by Moshe Gold

Let every man be fully persuaded in his own mind (Romans 14:5).

Christmas in Israel is a very diverse event where there is no official day or way to celebrate.

Israel, the homeland of the Jewish people, follows the religious cycle of holy days enumerated in Leviticus 23 with minor additions included by rabbinic sanction, among which are Purim and Hanukkah. The calendar of Israel is divided into twelve thirty day months, which do not run concurrent with months on any other calendar and are called by names unknown to most other peoples. December 25th, Christmas on the Gregorian calendar, is just another day in Israel. It may surprise you to learn that the majority of Israelis who celebrate Christmas follow the Eastern Orthodox tradition which uses the Julian calendar; celebrating Christmas on January 7th, which is also a normal day in Israel. Although Christmas, whenever it is celebrated, is not an official holy day, out of respect, many employers allow the day off to those who celebrate.

Israelis who observe Christmas make up about 2% of the population. They number 153,000 and include the Catholic, Protestant, and Eastern Orthodox Christian traditions. There are also Baptist, Pentecostal, and Nazarene churches represented in this number. These folks are for the most part from a non-Jewish background and the vast majority, about 80%, speak Arabic. For them Christmas is celebrated much as it is in many countries. There are Church services, pageants, concerts, traditional Christmas music and parties. Christmas trees, decorations of various kinds, and lots of foil wrapped chocolate Santa figurines are sold in supermarkets, hardware stores, and kiosks. Special foods are prepared according to ethnic and family customs and it is a treat just to catch a whiff of these delights! There are public celebrations and display of manger scenes in communities where local officials approve them as in Nazareth, Shfaram and parts of Haifa, which house major Christian communities.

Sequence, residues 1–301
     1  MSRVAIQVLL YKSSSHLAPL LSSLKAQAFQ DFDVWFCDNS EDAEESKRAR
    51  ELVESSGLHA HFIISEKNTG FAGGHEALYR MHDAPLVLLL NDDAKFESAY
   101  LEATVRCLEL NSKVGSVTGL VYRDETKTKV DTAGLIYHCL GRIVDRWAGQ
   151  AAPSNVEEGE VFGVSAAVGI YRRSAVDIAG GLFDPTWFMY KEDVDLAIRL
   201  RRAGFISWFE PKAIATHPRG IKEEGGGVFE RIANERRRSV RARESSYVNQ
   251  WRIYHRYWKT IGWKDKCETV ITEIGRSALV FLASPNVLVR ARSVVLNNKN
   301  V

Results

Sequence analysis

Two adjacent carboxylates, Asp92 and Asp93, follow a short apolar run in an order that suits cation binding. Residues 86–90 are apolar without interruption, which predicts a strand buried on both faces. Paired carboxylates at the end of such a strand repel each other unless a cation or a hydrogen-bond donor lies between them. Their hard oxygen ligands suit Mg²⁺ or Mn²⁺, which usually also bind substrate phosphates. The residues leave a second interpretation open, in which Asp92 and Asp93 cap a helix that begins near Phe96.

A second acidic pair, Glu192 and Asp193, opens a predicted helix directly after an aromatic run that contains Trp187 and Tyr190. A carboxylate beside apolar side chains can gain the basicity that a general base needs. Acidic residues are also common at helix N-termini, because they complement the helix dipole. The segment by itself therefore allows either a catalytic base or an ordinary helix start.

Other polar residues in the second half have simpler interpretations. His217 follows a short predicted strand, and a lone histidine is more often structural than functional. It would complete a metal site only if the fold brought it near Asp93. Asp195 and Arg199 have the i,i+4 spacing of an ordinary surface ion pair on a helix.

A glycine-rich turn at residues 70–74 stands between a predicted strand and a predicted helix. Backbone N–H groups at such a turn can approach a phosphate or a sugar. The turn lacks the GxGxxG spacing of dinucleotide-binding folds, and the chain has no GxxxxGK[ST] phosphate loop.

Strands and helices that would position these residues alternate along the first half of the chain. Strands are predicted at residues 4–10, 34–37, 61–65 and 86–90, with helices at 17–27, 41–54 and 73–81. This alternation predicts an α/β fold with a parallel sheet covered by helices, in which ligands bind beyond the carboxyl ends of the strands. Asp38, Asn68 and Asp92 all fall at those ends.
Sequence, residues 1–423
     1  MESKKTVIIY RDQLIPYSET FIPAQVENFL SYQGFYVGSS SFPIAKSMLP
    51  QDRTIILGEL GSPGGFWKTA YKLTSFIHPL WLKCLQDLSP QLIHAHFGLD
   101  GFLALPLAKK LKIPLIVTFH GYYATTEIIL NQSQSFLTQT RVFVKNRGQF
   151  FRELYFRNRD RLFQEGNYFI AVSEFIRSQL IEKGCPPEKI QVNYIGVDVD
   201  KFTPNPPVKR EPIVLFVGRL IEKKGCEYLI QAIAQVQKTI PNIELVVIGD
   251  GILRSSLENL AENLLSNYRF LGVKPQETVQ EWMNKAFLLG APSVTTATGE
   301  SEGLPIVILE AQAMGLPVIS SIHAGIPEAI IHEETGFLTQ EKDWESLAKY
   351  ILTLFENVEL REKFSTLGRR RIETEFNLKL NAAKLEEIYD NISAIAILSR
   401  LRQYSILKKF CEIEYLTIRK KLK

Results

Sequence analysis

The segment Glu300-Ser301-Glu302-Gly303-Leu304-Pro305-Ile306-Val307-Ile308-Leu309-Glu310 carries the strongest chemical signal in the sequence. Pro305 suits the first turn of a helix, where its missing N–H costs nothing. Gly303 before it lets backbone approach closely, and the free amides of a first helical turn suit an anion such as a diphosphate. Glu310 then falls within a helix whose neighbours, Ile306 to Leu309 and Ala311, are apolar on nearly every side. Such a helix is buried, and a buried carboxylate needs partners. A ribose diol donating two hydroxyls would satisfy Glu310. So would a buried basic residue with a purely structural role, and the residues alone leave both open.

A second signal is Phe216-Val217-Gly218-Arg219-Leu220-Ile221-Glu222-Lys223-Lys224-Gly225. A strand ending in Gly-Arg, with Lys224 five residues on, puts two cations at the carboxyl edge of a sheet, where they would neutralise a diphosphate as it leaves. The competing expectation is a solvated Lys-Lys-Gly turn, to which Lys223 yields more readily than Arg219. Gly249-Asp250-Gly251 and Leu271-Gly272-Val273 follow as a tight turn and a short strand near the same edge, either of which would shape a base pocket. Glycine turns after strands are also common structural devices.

The smallest group in Israel to celebrate the incarnation of Messiah Jesus is amid the Jewish population. There are perhaps a little over 10,000 Jewish followers of Jesus in Israel. Whereas most Israelis who call themselves Christian follow European traditions in their celebration of the Incarnation, the majority among the Hebrew speakers use Judaic symbols. Most do not identify at all with the European tradition of Christmas so foreign to their culture. Neither do they associate themselves with these traditions by calling themselves Christians, instead using the term messianic (mashiykhiyyim).

There is good reason for this. Among the general Jewish population the word Christian, in addition to meaning a follower of Jesus, implies a non-Jewish status. To identify oneself as Christian (Notzri) infers (as if it were possible) that one is no longer part of the people of Israel and somehow has become Gentile (non-Jewish). Although this is not the actual teaching of the Jewish religion, it has been the popular way to discourage interest in Jesus as Messiah. This has the intended effect of minimizing the testimony of Jewish Believers as good neighbors and good-Jews. It also reinforces the false teaching that the message of the New Testament is not for Jewish people. For those of us who are Jewish and following Jesus, it attempts to rob us of our heritage and strip us of our ethnic identity. For most here in Israel the choice to identify with Judaic symbols is purely a cultural one and should in no way be taken to mean association with any form or practice of the American Messianic Fellowship International or organizations that promote so called messianic synagogues, which are at best a modern packaging for the religious activity of those whom Paul referred to as Judaizers.